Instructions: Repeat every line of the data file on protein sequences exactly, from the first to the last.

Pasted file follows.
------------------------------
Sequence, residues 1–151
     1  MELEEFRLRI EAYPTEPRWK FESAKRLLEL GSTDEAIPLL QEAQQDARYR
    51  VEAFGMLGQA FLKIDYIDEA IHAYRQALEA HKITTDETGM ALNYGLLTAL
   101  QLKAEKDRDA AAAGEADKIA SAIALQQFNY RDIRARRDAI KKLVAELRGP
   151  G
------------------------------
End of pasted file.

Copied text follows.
Sequence, residues 1–151
     1  MELEEFRLRI EAYPTEPRWK FESAKRLLEL GSTDEAIPLL QEAQQDARYR
    51  VEAFGMLGQA FLKIDYIDEA IHAYRQALEA HKITTDETGM ALNYGLLTAL
   101  QLKAEKDRDA AAAGEADKIA SAIALQQFNY RDIRARRDAI KKLVAELRGP
   151  G